Paresh: Right, garam masala is not an aphrodisiac… We are two guys with a strong support team of family and friends behind us who want to show people across the Western Hemisphere and ultimately the world that there’s a ton of talent in India. We’re expanding our ‘genre pool’ every season but are very focused on the club/production/remix area of desi music because it holds common threads for desis worldwide.

Continue reading

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Nikki Haley, kingmaker 2012?

Nikki Haley has been the subject of posts on this blog going back to the middle of the last decade. Now Politico has the first of what are probably going to be many similar stories leading up to the 2012 South Carolina primary, Nikki Haley muscles up for 2012:

With noted smackdowns of two top GOP 2012 contenders, a high-profile presence at the May 5 Fox News debate and a schedule heavy with cable news show appearances, the first-term Republican governor is signaling her intent to use South Carolina’s key early presidential primary to claim a place on the national stage.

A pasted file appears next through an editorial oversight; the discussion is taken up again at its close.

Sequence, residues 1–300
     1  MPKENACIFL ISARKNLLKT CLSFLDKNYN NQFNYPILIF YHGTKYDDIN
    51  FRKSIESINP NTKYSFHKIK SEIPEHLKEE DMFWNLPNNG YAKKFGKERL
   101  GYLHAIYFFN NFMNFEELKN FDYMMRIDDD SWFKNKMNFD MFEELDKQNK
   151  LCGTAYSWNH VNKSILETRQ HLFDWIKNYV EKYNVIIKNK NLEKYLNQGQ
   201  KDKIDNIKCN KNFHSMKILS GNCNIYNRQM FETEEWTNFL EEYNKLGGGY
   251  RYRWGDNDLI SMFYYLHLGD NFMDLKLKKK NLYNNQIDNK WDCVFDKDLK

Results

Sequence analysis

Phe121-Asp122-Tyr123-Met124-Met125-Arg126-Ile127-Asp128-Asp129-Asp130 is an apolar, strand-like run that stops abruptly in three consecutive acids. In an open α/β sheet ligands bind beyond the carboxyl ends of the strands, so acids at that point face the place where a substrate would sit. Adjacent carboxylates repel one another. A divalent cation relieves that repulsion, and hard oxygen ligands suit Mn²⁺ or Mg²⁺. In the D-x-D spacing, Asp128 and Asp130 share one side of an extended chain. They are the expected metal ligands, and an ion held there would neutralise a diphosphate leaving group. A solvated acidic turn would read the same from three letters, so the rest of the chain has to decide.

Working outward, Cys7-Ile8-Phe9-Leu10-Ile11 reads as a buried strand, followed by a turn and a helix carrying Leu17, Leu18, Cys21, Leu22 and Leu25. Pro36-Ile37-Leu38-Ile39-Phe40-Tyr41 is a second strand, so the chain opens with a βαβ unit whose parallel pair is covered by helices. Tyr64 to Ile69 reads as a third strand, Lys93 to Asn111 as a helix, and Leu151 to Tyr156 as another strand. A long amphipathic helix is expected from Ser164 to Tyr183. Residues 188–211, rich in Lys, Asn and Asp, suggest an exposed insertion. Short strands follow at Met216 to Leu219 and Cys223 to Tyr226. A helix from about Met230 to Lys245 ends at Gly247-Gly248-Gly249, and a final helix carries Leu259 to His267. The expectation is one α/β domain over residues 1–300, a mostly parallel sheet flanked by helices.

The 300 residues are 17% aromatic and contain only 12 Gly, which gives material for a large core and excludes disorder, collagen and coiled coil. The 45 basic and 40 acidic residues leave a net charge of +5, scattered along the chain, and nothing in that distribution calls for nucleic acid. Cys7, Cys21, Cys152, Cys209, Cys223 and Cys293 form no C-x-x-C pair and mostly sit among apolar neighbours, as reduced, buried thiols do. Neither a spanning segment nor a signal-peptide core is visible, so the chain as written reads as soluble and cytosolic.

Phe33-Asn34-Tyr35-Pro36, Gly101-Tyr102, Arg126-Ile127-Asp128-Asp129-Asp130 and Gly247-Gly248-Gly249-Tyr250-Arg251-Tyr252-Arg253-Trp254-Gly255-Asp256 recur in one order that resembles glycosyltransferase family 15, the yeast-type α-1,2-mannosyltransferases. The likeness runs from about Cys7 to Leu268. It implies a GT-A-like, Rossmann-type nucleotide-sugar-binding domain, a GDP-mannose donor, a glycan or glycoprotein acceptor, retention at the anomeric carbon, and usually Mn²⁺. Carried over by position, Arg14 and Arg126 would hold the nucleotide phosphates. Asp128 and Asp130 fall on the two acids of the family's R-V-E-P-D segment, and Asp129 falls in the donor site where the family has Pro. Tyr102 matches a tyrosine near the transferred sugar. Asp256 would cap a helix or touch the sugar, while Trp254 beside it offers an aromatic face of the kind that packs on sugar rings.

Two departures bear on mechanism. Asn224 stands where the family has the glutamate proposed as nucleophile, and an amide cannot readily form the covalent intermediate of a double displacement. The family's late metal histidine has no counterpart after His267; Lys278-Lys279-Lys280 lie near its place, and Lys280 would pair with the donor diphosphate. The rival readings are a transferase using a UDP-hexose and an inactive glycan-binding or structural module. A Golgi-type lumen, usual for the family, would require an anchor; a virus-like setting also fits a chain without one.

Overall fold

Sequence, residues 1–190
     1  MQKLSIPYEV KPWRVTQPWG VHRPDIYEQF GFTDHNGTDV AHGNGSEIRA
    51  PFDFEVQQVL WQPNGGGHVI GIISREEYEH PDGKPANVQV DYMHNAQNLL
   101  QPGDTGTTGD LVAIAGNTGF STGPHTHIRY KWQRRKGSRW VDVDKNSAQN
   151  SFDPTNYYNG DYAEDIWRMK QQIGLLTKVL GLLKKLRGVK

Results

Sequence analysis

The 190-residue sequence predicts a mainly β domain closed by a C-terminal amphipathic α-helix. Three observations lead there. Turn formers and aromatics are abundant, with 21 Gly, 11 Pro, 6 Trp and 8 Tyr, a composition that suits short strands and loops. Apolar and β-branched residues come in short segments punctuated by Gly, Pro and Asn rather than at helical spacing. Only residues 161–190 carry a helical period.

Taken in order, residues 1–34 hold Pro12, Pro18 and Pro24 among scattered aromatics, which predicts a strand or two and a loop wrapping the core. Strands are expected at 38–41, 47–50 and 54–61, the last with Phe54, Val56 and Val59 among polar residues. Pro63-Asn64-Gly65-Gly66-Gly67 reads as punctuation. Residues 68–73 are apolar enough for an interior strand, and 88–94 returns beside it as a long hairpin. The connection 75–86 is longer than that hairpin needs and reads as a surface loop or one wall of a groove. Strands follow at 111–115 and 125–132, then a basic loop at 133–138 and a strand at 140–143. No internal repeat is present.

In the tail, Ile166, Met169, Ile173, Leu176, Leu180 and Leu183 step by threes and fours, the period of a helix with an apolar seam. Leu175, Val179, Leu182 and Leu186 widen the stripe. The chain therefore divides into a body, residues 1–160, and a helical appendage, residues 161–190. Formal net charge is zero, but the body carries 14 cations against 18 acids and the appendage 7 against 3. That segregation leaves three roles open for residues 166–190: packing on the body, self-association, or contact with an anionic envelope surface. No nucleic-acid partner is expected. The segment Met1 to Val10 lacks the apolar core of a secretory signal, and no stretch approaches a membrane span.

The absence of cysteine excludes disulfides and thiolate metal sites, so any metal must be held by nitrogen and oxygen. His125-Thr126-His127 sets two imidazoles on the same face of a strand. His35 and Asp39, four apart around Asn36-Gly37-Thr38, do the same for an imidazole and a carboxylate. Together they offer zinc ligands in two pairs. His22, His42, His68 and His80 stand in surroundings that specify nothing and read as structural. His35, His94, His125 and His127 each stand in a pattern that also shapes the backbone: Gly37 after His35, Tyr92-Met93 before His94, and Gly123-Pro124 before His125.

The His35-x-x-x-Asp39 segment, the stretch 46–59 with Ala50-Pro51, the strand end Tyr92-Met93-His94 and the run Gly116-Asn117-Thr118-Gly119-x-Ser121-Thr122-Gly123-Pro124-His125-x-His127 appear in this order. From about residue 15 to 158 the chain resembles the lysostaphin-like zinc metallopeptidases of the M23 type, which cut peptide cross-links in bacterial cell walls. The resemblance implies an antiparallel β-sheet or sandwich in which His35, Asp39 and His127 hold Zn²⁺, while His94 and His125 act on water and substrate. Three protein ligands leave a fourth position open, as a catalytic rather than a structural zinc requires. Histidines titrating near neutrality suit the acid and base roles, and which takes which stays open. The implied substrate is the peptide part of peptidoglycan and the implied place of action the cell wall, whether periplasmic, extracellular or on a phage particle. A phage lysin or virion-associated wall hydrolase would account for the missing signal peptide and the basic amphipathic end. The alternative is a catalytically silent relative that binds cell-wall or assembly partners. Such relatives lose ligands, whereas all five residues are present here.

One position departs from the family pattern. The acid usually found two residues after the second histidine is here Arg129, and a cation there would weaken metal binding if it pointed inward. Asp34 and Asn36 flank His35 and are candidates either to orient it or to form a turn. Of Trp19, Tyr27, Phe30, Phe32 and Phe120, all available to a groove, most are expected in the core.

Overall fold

Haley’s recent muscle-flexing came at the expense of Newt Gingrich and Mitt Romney, both of whom are still licking their wounds after her frank–and non-constructive–criticism of them.

Continue reading

Junk Science for Fun

Arvind Gupta has won national awards for his many contributions to science education in India. But when he introduces himself, he calls himself a toymaker. He’s not developing the type of toys that you would buy in a store or order online. His toys are the kind people can make using trash and other everyday materials.